I’m hoping you’ll understand if I worry a bit about my own future. I am, after all, a lot bigger than the average microwave. I was born in the day when you bought a microwave that could hold a 20-pound turkey, just in case you’d ever cook a 20-pound turkey in a microwave. Has anybody ever done that? I was born at a time when popcorn was popped in electric frying pans or popcorn poppers. I was born in the day when a microwave oven could proudly sport a stylish coat of push buttons, right down the front.
It’s the buttons that keep me here, I’ve heard them say. They say it whenever they mention that I’m really too big for my current shelf. They say it when people ask if a microwave my age can possibly be safe. They explain that Wendy loves to push my buttons. Those flat-fronted models with their fancy digital read-outs for a million different purposes are useless for blind people.
I’ve heard them say they’ll likely stick with me until the end. And that’s encouraging, given that I’m the oldest appliance I’ve ever met. So far the signs are all good. Last night they popped corn in the popper on the stove. Last week they cooked a 13-pound turkey in the oven. For my part, I did what I could to make their Christmas merry. I cooked the peas and warmed the leftovers. I melted the butter for baking. I heated their coffee to scalding after they added the eggnog. And I greeted all the new appliances as kindly as I could—honestly I did.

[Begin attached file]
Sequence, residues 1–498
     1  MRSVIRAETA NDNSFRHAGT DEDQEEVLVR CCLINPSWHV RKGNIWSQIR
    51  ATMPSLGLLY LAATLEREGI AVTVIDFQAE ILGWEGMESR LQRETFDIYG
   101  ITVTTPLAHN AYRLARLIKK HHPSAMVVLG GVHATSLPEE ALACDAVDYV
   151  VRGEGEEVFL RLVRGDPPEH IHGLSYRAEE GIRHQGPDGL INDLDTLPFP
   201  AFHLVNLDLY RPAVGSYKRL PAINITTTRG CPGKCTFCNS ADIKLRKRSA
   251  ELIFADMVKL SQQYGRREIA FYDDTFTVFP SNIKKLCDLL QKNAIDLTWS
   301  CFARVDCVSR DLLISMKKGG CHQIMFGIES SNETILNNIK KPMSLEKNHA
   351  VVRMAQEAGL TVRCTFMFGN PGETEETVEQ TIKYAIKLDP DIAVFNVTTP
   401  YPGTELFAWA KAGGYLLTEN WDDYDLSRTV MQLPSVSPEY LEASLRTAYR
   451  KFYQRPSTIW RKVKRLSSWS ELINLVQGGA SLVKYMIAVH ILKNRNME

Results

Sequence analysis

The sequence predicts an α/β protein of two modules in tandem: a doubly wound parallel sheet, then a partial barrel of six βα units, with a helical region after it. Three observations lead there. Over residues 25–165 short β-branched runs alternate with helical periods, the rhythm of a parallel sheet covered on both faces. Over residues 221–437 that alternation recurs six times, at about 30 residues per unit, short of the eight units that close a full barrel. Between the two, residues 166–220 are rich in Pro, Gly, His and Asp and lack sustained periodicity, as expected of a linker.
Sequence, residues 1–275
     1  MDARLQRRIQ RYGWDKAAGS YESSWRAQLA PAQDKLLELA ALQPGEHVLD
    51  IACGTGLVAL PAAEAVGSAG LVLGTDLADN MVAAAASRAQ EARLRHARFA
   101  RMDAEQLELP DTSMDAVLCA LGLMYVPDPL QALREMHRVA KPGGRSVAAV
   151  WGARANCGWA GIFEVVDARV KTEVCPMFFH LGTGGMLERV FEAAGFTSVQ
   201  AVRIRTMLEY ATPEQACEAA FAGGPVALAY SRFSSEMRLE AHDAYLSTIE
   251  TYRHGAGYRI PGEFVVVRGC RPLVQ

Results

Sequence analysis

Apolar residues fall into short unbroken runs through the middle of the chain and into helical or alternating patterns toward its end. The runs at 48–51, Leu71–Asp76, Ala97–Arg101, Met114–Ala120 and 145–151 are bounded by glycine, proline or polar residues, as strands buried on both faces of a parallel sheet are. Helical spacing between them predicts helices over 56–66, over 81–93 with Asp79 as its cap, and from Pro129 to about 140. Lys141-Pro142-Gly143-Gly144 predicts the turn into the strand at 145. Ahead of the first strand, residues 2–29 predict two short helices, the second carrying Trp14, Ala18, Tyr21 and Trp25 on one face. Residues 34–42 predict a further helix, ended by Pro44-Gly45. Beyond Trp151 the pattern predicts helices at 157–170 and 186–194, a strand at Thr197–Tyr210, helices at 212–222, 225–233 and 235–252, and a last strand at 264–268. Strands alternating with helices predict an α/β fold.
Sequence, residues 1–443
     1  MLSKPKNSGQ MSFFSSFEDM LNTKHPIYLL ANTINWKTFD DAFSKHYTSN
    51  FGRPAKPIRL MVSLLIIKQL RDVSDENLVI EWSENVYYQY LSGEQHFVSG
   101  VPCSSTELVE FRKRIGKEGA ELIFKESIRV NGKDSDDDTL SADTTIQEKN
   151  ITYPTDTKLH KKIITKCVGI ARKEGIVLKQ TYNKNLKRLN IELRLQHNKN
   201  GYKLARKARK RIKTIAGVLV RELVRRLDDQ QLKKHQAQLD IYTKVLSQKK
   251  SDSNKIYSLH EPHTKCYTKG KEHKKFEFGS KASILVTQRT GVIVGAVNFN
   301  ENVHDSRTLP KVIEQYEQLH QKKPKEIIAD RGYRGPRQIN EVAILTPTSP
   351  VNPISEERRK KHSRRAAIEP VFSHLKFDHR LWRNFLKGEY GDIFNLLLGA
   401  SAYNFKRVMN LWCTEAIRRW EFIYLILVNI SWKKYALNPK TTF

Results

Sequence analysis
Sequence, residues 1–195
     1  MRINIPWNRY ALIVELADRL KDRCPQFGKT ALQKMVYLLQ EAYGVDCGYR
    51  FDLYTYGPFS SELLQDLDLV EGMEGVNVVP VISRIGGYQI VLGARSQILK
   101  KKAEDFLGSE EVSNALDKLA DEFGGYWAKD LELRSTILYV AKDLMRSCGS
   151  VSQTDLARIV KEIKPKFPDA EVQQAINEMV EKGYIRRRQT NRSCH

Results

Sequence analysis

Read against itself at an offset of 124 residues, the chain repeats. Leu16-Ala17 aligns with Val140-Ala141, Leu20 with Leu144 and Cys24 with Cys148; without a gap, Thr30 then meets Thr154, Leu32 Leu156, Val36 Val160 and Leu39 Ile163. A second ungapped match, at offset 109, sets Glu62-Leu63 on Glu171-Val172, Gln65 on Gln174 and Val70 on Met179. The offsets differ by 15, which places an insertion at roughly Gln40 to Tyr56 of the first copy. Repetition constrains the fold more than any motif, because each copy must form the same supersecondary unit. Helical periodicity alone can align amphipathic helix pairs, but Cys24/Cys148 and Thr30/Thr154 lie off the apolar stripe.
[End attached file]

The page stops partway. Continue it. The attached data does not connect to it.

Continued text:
Thursday, December 23, 2010



Nearly 60 per cent of patients with irritable bowel syndrome reported they felt better after knowingly taking placebos twice a day, compared to 35 per cent
of patients who did not get any new treatment, they report in the Public Library of Science journal PLoS ONE.

"Not only did we make it absolutely clear that these pills had no active ingredient and were made from inert substances, but we actually had 'placebo' printed
on the bottle," Ted Kaptchuk of Harvard Medical School and Beth Israel Deaconess Medical Center in Boston, who led the study, said in a statement.

Just one more reason why I love working in positive psychology!!!

Wednesday, December 22, 2010


Lo, How A Rose E’er Blooming
Arranged in 1609, written some time before that
Sung this week as in years past
In languages of many peoples
By lucky choristers like me
Moving parts in choirs large and small

Who says beautiful things can’t last forever?

Lo How A Rose

Monday, December 20, 2010